crab spider Six-spotted Orb Weaver Lynx Spider Black-and-yellow Argiope

Arachnids

I′m fascinated with the world in general but one of the things that has always fascinated me is the world of the Arachnid. Actually, I′m pretty much fascinated with anything in nature and will take a picture of just about anything. I′m an opportunistic photographer, but Arachnids, and spiders in particular, have always held my interest. Although the great majority of pictures on these pages are spiders, you may see the occasional scorpion or daddy-long-legs from time to time if I happen to run across one with camera in hand.

Archnid/Spider Galleries

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Arachnids

Arachnid – A class of arthropods distinguished by the following traits:

  • 1. They breath air
  • 2. They have a segmented body divided into two regions
  • 3. The front segment has four pairs of legs and no antennae

Arachnids include the following species;

  • Daddy-long-legs(also called granddaddy-long-legs or harvestmen)
  • Mites
  • Pseudo scorpions
  • Scorpions
  • Spiders
  • Ticks
  • Whip-scorpion
  • Wind-scorpions

Spiders

Spiders are the largest group of arachnids and it is estimated that there are over 35,000 species worldwide with over 3000 in the United States and Canada. There are so many in fact that all of them have not been identified yet.

Spiders are a very common predator and they live everywhere; in our homes, basements, attics, in the grass, under rocks, in trees, on flowers, on the ground, in the ground, underground in caves and on the water.

They usually have a segmented body with 4 pairs of 7 segmented legs on the front segment, called the cephalothorax. Unlike the other members of the Arachnid family, spiders have a very small waits between the cephalothorax and the abdomen. Most, but not all species of spiders have 8 eyes. They also have a pair of jaws that usually end in fangs which they use to inject their prey with venom. All spiders are voracious predators and feed mostly on insects, but some of the larger species also feed on small fish and mammals.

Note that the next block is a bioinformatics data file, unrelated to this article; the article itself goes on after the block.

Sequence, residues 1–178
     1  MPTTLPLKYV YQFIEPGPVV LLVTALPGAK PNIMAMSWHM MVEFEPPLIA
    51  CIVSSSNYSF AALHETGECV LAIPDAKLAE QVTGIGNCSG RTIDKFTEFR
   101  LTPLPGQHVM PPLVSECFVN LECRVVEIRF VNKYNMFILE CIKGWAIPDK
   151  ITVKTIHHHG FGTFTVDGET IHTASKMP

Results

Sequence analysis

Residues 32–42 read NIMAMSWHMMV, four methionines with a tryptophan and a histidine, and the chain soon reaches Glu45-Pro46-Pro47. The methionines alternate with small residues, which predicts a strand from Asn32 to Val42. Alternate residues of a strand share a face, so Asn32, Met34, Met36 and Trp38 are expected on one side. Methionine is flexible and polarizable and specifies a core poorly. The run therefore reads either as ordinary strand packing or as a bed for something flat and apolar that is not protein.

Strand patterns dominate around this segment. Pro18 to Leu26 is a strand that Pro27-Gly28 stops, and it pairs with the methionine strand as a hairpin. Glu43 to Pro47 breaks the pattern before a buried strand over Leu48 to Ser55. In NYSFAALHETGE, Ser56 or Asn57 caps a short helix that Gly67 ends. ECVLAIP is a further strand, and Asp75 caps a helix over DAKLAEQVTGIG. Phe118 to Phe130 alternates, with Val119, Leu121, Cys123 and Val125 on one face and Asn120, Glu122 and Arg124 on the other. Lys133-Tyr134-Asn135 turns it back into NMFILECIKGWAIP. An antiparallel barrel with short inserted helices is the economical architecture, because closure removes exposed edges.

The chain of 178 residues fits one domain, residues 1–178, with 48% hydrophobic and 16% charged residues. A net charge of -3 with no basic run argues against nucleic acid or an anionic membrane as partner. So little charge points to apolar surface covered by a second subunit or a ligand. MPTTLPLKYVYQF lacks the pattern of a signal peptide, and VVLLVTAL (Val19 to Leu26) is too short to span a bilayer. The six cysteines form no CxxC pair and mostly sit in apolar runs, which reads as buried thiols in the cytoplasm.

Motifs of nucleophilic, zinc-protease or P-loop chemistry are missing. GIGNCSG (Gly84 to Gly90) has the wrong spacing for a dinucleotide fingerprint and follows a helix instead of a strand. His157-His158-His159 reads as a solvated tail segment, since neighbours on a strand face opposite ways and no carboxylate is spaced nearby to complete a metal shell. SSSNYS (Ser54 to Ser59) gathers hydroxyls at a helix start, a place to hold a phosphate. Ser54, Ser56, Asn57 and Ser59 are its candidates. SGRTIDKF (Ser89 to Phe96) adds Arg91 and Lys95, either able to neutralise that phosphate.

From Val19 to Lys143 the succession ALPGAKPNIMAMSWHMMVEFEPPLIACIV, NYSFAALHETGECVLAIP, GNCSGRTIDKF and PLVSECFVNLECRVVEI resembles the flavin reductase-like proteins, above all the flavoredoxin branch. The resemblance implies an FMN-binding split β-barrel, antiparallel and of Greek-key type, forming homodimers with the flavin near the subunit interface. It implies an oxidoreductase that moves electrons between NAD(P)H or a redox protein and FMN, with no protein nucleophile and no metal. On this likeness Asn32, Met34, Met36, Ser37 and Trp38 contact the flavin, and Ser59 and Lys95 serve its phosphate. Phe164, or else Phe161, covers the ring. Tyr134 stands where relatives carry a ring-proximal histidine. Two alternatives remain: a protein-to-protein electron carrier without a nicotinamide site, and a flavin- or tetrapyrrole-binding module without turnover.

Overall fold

Most spiders are harmless, with only a few exceptions in the U.S.. They will leave you alone if you leave them alone. The venom from a spider bite is usually not life threatening to people, especially adults. But there are exceptions, the black widow is one that comes to mind. Other venomous spiders, although they can make you sick and even produce ugly sores where the bite is, the bite is seldom life threatening.

Some spiders are rather drab looking, but others are quite beautiful. Here is a list of the major subspecies of spiders, not all are represented in the galleries but many are:

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